Measuring the incremental effect of online marketing to optimize advertising investment
One of the core values at Zalando is to be Customer Obsessed, and this applies to online marketing as well. For many Zalando customers, their experience starts with a catchy ad. Therefore, in Personalized Marketing, our mission is to reach customers with a personalized message and suggest products tailored to their needs or wants.
By increasing the relevance of marketing, we aim to increase the number of customers interested in our offer, and, in turn, generate profitable sales for Zalando. While doing so, we constantly face the “never-out-of-fashion” (to quote our latest Christmas campaign) question: What does marketing really do?
Simple question, complex answers
So the central question is, “What is the true incremental effect of online marketing?”
- Would a customer have bought this pair of shoes even in the absence of marketing?
- How much are we growing Zalando’s customer base thanks to online marketing?
The answers to these questions are complex and multi-faceted. Measuring the incrementality and not mistaking a success for a failure can nearly be impossible, as shown in . Well-established and successful tech-giants are also not done answering the question. Hohnhol, O’Brien and Tang in  tried to find the best way to measure the impact of marketing beyond its short-term effect. Optimizing for the next few days or weeks may lower the impact of online marketing in the long run. Google researchers  claim “We have long recognized that optimizing for short-term revenue may be detrimental in the long term if users learn to ignore the ads.”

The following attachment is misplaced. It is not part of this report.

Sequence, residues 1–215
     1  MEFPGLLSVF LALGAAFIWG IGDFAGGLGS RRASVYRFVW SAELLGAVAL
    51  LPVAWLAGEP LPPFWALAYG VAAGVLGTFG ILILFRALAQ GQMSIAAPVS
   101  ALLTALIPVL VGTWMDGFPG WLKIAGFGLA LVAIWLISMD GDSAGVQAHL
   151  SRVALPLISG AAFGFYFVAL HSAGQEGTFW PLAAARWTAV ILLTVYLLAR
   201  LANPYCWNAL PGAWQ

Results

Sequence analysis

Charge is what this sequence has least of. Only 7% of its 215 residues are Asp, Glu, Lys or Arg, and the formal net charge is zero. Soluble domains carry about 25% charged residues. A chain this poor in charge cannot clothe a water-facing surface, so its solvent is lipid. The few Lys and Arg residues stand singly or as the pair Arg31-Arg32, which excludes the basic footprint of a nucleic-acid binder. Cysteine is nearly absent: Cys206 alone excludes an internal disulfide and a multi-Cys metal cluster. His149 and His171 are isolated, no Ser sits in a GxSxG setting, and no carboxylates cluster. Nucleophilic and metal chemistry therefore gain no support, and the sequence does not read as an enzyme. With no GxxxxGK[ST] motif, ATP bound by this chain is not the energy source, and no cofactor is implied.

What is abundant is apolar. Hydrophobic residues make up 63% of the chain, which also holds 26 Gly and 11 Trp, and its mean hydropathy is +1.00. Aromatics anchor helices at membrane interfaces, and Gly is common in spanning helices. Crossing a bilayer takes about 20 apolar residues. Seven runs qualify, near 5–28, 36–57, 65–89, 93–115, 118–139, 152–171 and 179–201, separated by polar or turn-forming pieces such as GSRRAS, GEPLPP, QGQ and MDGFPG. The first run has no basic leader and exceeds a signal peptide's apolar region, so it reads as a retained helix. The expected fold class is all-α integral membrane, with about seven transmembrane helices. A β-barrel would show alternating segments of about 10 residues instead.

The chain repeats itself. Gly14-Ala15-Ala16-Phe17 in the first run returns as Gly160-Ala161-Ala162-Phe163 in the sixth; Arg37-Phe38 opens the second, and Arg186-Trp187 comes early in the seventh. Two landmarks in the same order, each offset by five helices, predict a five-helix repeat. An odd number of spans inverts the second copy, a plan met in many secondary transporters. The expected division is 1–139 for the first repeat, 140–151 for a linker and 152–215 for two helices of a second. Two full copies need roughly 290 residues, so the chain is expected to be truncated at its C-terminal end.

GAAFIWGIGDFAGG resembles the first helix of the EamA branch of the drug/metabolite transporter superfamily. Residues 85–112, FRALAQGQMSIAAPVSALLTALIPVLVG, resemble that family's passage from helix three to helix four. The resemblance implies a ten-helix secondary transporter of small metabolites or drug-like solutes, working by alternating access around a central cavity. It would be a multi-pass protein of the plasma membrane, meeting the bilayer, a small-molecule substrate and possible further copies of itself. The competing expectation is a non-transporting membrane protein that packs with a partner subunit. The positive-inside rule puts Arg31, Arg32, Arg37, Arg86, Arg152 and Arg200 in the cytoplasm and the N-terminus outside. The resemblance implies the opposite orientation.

One of our objectives is to compute a Return-on-Investment (ROI) for every campaign. This metric allows us to allocate our resources efficiently. We maximize sales generation and new customer acquisition for every campaign, given a ROI target.
Performance measurement landscape
Zalando took up the challenge and aims to measure the performance of online marketing at scale. The ROI of our marketing activities is computed through a pipeline composed of several products. While each of them would deserve a dedicated blog post, this article aims to simply outline their purposes and main challenges.